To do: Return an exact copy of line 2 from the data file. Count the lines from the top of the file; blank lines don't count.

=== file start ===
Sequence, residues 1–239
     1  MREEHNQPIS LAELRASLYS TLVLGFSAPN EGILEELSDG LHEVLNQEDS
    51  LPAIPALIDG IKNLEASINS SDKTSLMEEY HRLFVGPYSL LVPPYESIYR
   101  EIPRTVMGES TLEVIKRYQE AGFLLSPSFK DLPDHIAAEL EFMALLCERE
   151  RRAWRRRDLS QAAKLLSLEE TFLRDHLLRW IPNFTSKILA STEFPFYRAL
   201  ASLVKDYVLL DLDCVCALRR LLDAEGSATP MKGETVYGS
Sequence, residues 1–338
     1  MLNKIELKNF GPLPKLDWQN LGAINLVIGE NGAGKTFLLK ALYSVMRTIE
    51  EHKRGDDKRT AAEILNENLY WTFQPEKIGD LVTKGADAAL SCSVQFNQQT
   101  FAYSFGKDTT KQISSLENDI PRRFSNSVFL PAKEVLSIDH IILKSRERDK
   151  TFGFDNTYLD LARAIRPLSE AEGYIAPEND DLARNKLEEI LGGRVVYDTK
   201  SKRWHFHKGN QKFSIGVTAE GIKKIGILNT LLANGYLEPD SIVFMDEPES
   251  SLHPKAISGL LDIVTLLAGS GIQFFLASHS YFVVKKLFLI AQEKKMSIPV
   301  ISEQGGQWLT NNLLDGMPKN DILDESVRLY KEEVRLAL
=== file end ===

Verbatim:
     1  MREEHNQPIS LAELRASLYS TLVLGFSAPN EGILEELSDG LHEVLNQEDS